How Is Atticus Finch's Childhood Shown In To Kill A Mockingbird

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Harper Lee is an author who wrote a popular story called “To Kill a Mocking Bird”. This novel is set in the 1930’s in Maycomb, Alabama. This novel is based on a child’s perspective, which grows and learns more about human nature. The children of Maycomb witness unjust situations as they grow older in their lives. Many of the issues in Maycomb become emotional and shocking to the kids. Being judged in Alabama is said to be typical by the Maycomb citizens. A man named Arthur Radley, who is known for having a dangerous history because of his past, he stays secrete in his home and has many superstitions about him made by the bored children of Maycomb, Two of those children belonged to a widower, named Atticus Finch, He is a lawyer, who took on a case of a judged African American man, Mr. Finch becomes misunderstood by the Maycomb society because of his siding and defending of this man, who is being tried is named Tom Robinson, who is being judged because of his race and lifestyle, and later is taken to court, he is then falsely accused of sexual assault. …show more content…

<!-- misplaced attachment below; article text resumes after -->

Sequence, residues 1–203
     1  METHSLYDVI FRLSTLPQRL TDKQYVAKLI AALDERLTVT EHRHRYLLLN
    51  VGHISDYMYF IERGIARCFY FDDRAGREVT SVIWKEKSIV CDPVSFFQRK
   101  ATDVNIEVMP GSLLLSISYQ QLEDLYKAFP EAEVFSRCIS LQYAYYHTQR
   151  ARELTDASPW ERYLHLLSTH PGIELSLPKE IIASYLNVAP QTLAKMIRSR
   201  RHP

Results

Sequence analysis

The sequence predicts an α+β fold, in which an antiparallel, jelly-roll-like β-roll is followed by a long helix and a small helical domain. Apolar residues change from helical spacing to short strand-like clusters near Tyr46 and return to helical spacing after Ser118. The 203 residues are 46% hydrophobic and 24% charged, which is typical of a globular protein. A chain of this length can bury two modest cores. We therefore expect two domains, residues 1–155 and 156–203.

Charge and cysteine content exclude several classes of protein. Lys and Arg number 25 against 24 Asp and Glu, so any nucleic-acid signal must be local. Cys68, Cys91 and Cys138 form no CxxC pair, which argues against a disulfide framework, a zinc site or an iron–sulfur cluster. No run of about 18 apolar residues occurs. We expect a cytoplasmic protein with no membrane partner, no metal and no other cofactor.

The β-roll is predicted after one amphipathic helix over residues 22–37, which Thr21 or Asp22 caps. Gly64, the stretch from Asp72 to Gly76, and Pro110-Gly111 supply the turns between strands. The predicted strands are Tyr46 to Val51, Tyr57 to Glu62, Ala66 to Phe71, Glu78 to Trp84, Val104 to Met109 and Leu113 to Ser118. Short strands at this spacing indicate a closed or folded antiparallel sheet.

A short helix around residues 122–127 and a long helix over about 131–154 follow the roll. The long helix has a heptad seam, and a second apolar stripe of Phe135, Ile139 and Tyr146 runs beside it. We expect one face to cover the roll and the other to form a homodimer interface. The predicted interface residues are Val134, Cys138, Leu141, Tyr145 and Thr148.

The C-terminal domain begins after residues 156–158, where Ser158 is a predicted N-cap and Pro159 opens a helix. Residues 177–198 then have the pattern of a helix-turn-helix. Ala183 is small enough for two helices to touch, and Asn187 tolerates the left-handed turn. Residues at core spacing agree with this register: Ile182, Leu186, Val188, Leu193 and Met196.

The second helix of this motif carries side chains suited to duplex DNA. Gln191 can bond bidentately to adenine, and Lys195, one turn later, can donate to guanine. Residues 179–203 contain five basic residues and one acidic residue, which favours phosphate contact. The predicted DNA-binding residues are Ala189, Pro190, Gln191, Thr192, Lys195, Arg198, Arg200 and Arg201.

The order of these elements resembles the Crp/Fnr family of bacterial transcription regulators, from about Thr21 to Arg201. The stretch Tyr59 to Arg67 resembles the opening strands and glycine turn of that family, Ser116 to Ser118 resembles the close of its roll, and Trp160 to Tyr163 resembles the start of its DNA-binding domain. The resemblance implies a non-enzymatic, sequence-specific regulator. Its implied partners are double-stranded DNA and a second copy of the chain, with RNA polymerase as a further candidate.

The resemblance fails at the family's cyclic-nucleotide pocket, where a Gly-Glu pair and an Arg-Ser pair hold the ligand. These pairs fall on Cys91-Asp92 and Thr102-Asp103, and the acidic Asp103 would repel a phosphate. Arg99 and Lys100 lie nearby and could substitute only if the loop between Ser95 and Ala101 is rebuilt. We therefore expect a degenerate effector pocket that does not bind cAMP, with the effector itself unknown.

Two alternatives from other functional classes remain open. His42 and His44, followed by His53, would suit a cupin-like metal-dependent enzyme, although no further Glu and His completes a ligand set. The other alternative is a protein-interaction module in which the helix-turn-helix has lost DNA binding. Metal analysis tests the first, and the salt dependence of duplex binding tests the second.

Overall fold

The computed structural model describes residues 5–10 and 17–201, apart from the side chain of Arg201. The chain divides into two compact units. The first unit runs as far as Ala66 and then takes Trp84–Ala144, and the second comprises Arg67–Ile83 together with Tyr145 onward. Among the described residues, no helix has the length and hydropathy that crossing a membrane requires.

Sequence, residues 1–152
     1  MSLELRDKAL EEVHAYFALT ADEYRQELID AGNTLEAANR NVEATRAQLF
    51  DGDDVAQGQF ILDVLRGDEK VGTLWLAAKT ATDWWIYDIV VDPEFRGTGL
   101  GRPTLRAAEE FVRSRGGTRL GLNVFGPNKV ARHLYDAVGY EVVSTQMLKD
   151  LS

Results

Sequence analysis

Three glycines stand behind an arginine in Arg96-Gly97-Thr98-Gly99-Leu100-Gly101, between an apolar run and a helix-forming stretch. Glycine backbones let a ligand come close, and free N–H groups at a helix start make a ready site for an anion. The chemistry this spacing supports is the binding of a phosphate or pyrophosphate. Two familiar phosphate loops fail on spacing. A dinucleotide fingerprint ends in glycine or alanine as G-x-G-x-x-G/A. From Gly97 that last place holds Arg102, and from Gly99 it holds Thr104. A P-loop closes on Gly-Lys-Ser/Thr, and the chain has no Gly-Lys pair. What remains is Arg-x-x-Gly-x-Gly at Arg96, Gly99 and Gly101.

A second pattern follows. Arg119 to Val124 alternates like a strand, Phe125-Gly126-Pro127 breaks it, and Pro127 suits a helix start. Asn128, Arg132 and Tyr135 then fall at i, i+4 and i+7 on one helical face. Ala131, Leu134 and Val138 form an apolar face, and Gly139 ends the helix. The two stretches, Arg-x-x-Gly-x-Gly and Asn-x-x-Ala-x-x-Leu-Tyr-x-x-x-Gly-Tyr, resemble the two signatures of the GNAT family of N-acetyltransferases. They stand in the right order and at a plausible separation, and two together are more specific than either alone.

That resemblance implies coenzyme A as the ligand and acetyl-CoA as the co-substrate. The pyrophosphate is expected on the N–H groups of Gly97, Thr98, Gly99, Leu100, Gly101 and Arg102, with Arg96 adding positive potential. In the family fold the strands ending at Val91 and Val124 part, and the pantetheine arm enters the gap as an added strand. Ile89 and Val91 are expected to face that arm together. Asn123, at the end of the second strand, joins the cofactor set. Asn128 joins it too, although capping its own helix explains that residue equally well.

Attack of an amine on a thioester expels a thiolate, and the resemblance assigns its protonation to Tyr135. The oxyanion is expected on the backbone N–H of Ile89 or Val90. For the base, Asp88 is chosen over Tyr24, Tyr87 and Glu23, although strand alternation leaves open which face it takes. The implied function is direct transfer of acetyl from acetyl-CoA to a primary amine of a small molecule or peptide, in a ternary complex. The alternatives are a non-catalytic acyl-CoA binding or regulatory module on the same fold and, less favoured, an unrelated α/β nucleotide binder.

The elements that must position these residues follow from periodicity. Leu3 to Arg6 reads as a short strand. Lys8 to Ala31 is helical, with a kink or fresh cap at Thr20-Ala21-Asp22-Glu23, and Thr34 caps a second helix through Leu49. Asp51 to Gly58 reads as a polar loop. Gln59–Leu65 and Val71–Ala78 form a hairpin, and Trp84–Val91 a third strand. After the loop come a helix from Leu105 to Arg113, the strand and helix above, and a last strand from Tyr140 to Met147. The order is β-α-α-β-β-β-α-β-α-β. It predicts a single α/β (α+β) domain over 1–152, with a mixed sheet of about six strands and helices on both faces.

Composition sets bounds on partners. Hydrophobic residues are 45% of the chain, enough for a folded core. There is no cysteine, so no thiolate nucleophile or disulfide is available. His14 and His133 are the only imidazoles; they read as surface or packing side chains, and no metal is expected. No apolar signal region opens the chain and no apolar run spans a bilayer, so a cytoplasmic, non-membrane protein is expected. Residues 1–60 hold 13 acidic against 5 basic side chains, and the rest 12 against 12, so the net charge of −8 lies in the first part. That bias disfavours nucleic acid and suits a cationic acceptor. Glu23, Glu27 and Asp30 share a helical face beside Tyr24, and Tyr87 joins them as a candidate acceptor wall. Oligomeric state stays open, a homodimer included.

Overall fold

When he was a teenager he chose life altering decisions that are constantly reminded about his past through dramatic stories told by children. Arthur Radley was convicted with stabbing his father with a pair of scissors; thankfully his father did not press charges. However, because of this crime, Arthur stays isolated from Macomb society. Years later, his past is once again brought up, during summer vacation. The young children acted out Arthurs past through a dramatic reenactment. Through this play Arthur is looked more as a monster, than a man. Rumors start to spread by children and soon adults, judging his past on false facts. Arthur Radley becomes a well known outcast of

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